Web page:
Seagrasses are considered the ‘canary’ of the marine environment since they require good water and sediment quality in order to thrive. Seagrasses are true flowering plants that grow completely submerged underwater. They provide important habitat and perform essential ecological functions within estuarine and coastal ecosystems. Unfortunately, seagrass is declining at an accelerating rate worldwide, due the enormous pressure that humans place on their coastal marine ecosystems.
Assessing seagrass habitats is a key component to understanding the health of our estuaries. As primary producers, along with algae, they provide the base of the estuarine food web and are important habitats for invertebrates and fish. Additionally, seagrasses stabilise sediments and protect shorelines. Unfortunately, seagrass is vulnerable to smothering and shading by nuisance algal blooms, as well as more direct forms of disturbance.
Three species of seagrass are found in the Leschenault Estuary – Halophila ovalis, Ruppia megacarpa and Zostera muelleri. Large areas of seagrass are present along the eastern margin, with more discrete patches on the western shoreline and central parts of the estuary. Halophila is most common, Ruppia is predominantly along the eastern shallows, and Zostera, favouring marine conditions, is only found near The Cut.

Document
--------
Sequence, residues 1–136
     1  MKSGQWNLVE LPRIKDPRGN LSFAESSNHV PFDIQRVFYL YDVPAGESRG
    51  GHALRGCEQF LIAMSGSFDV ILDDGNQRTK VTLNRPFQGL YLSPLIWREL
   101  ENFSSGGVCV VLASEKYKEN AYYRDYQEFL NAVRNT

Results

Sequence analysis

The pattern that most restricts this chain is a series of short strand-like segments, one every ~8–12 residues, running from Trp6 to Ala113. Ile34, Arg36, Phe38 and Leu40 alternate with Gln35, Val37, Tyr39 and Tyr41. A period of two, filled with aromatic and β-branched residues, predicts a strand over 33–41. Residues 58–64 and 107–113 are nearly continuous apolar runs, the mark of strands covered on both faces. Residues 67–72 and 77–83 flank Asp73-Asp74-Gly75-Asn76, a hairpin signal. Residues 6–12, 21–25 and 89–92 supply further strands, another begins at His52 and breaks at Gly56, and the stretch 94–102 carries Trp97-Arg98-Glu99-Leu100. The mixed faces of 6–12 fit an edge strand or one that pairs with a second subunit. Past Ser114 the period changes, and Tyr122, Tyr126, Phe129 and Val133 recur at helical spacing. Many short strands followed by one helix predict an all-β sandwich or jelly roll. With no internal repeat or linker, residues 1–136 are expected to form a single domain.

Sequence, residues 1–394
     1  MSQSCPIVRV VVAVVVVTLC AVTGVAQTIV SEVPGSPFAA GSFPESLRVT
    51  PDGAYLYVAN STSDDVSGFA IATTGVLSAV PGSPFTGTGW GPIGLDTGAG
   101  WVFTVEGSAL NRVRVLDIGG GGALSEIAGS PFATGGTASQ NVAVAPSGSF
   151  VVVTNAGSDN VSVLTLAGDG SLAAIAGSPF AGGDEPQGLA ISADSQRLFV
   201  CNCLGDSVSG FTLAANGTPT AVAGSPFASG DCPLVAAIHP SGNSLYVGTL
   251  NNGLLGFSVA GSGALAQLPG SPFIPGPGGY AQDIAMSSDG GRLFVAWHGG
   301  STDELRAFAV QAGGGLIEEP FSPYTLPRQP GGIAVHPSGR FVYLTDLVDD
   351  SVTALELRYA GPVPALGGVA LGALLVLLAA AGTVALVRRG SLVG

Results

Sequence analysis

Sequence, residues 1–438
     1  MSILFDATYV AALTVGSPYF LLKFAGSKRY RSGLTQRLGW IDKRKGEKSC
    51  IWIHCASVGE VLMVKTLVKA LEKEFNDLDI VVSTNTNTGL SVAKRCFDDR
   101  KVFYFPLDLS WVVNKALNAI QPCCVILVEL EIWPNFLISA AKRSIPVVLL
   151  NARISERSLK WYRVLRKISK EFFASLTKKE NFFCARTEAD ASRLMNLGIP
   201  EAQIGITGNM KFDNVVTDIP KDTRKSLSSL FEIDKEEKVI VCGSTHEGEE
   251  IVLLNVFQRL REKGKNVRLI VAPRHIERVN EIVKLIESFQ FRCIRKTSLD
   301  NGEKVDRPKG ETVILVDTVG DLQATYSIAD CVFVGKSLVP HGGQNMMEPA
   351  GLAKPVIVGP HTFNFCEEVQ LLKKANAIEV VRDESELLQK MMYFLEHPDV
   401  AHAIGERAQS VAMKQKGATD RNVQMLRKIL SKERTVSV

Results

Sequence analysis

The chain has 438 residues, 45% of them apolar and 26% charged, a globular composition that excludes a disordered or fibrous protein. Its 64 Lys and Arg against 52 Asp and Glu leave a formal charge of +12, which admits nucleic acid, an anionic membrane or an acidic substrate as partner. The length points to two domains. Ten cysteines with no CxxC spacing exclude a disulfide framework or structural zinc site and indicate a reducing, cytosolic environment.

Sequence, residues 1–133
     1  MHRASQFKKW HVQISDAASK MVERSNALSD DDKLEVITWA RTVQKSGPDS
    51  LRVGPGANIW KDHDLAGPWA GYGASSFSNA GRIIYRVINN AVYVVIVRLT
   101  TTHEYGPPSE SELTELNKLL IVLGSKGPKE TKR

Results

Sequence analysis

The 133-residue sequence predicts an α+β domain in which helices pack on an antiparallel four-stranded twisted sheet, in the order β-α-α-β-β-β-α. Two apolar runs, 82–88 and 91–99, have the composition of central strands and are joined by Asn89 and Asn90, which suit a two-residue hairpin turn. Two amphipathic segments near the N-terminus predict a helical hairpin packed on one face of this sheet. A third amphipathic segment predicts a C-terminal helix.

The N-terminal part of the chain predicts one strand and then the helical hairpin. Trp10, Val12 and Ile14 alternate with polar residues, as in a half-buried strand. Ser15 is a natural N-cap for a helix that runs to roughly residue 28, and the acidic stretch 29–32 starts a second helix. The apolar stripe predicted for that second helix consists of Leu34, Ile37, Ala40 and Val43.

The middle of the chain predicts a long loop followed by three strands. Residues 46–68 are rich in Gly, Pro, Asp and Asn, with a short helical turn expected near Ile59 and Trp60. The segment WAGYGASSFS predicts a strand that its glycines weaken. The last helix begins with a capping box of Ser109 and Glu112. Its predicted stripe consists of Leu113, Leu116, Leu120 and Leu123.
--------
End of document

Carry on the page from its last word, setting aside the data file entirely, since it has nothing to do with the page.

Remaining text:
A study of seagrass in the Leschenault Estuary, carried out between 1984 and 1993, found that Halophila was widely distributed in the estuary only absent from a small area in the deepest part of the basin.
Seagrass is again being monitored in the Leschenault as part of the Regional Estuaries Initiative. We are assessing the distribution, density and some indicators of its condition. This page will be updated as new information becomes available.